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    85 Percent of Retailers Surveyed Have Been Victims of Organized Retail Crime: NRF

    NRF found that two-thirds of retailers (68 percent) have identified or recovered stolen merchandise and/or gift cards from a fence location, up from 61 percent last year.

    As organized retail crime continues to plague supermarkets and other retailers, companies are getting more serious about uncovering, dismantling, and prosecuting the responsible individuals and crime rings, according to the National Retail Federation's "2008 Organized Retail Crime" report released yesterday. In total, 85 percent of retailers surveyed said they had been victims of organized retail crime activity within the last 12 months, vs. 79 percent in 2007, the survey said.

    NRF found that two-thirds of retailers (68 percent) have identified or recovered stolen merchandise and/or gift cards from a fence location, up from 61 percent last year. Much of the stolen merchandise also ends up online, being sold through third-party auction sites, where crime rings can maintain anonymity. The report revealed that nearly two-thirds (63 percent) of retailers experienced an increase in e-fencing activity in the past 12 months.

    "Law enforcement and retailers alike are fed up with organized retail crime rings and are stepping up efforts to stop them in their tracks," said NRF v.p. of loss prevention Joseph LaRocca. "The brazen and unethical behavior of organized retail crime suspects results in possible health risks for consumers, adds unnecessary fees to consumers' purchases, and funds criminal enterprises, including the mob and terrorist organizations around the world."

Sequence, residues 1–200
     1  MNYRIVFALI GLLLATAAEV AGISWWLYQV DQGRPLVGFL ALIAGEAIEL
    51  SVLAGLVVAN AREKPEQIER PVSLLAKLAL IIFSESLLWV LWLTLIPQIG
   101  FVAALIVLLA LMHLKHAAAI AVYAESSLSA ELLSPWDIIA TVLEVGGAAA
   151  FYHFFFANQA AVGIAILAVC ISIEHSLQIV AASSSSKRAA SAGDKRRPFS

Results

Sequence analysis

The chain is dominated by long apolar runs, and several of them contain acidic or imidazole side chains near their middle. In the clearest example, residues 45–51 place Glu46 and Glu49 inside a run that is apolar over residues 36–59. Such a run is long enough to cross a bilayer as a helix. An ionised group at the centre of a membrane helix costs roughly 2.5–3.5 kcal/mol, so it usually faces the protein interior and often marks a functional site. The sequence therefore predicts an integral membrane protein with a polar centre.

Another disturbing trend is that as urban stores crack down on organized retail crime, many of these criminals are moving to the suburbs, LaRocca said yesterday during a press briefing for the survey. "Smaller communities with upscale, brand-name goods are being targeted," he noted.

    In slightly more positive news, the report found that of the retailers who have identified organized retail crime as a problem in their stores, fewer reported an increase in activity within the past 12 months (66 percent vs. 71 percent).

    The methods retailers are using to go after these professional criminals include new camera technologies and specialized teams. Additionally, a growing number of retailers are using LERPnet, a tool created by the NRF, the Federal Bureau of Investigation, and other industry associations, which was designed to track patterned crimes and criminals through a secure national database that will allow retailers to share information through its unique Web-based design.

    When it comes to how much retailers spend fighting organized retail crime each year, the survey found the average retailer spends approximately $230,000 per year on labor costs. Many larger retailers who are particularly affected by the problem can spend upwards of $1 million a year. According to the Federal Bureau of Investigation, organized retail crime accounts for as much as $30 billion in retail losses every year.

    Fortunately, loss prevention professionals believe that company executives have begun to understand the impact that organized retail crime has on their bottom line, NRF found. According to the survey, 54 percent of loss prevention professionals feel their top management understands the complexity and seriousness of organized retail crime -- a sharp increase over the 39 percent who said their executives understood the severity of the issue in 2005, when the survey was first conducted.

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